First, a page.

• Report any vacation pay, holiday pay, and/or earnings during the week in which it was earned, NOT during the week it was paid to the employee.
  • Report any additional income employees are receiving to the GDOL, except Social Security benefits, jury duty income, and pay for weekend military reserve duty.

Emergency Rule: Waiver of Work Search Requirements

Emergency rule 300-2-0.4, containing Rule 300-2-4-02., has waived all work search requirements for claims filed on or after March 14, 2020. This rule remains in effect until either the Governor declares the Public Health State of Emergency over or 120 days from the adoption of the emergency rule.

Additional information: 

The FMG Coronavirus Task Team will be conducting a series of webinars on Coronavirus issues every day for the next week. We will discuss the impact of Coronavirus for companies in general, but also for business in insurance, healthcare, California specific issues, cybersecurity, and tort. Click here to register.

FMG has formed a Coronavirus Task Force to provide up-to-the-minute information, strategic advice, and practical solutions for our clients. Our group is an interdisciplinary team of attorneys who can address the multitude of legal issues arising out of the Coronavirus pandemic, including issues related to Healthcare, Product Liability, Tort Liability, Data Privacy, and Cyber and Local Governments. For more information about the Task Force, click here.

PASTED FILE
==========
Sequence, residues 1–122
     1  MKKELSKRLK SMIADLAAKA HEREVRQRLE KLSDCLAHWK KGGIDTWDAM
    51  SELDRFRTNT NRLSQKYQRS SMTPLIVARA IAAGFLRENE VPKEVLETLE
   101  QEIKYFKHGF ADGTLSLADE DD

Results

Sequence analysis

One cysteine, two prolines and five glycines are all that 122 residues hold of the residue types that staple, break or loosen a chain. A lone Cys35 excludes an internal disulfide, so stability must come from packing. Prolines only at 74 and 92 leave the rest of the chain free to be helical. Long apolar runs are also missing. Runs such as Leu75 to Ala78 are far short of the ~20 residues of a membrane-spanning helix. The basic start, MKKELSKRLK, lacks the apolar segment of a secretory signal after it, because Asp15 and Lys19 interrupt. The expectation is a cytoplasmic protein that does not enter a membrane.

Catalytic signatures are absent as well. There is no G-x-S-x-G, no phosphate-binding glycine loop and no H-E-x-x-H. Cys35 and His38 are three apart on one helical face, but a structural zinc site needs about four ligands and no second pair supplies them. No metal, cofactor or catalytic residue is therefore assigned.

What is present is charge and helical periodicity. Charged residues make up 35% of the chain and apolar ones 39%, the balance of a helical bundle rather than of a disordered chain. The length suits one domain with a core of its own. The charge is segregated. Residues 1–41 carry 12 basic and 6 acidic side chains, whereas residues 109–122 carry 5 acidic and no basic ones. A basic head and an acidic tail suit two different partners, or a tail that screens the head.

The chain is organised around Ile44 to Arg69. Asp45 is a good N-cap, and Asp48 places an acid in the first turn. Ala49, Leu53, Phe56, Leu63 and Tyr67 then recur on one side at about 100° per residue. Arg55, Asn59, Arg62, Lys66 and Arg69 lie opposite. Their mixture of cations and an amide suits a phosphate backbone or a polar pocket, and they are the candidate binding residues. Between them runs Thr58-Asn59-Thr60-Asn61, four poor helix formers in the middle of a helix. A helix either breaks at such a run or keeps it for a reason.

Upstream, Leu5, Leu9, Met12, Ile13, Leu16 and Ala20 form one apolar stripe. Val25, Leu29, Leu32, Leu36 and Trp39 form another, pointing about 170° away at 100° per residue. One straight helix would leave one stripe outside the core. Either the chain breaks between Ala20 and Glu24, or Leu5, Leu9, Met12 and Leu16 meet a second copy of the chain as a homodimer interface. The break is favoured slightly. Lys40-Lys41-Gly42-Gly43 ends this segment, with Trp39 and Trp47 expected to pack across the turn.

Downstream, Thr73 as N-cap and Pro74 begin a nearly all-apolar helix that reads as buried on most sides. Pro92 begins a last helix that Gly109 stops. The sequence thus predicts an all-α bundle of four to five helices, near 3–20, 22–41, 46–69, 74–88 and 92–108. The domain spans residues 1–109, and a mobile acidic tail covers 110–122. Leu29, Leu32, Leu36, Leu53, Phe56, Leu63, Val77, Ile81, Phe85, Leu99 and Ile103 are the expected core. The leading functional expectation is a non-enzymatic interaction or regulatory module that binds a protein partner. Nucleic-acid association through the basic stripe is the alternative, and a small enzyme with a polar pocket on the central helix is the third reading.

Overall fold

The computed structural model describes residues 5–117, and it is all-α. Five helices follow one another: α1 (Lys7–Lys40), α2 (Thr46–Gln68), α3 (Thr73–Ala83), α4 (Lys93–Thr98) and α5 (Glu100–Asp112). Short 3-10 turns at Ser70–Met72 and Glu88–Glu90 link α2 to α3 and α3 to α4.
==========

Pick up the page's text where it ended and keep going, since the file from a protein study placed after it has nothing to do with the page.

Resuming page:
You can also contact your FMG relationship partner or email the team with any questions at [email protected].

**DISCLAIMER: The attorneys at Freeman Mathis & Gary, LLP (“FMG”) have been working hard to produce educational content to address issues arising from the concern over COVID-19. The webinars and our written material have produced many questions. Some we have been able to answer, but many we cannot without a specific legal engagement. We can only give legal advice to clients. Please be aware that your attendance at one of our webinars or receipt of our written material does not establish an attorney-client relationship between you and FMG. An attorney-client relationship will not exist unless and until an FMG partner expressly and explicitly states IN WRITING that FMG will undertake an attorney-client relationship with you, after ascertaining that the firm does not have any legal conflicts of interest. As a result, you should not transmit any personal or confidential information to FMG unless we have entered into a formal written agreement with you.  We will continue to produce educational content for the public, but we must point out that none of our webinars, articles, blog posts, or other similar material constitutes legal advice, does not create an attorney client relationship and you cannot rely on it as such. We hope you will continue to take advantage of the conferences and materials that may pertain to your work or interests.** 

NLRB Finally Issues Its Long-Awaited Joint Employer Rule

Posted on: March 3rd, 2020

By: Justin Boron

In a pivotal move that could constrain collective bargaining among multiple businesses, the National Labor Relations Board (“NLRB”) last week issued its final rule for the joint employer test. It is the final step before the rule becomes effective on April 27, 2020.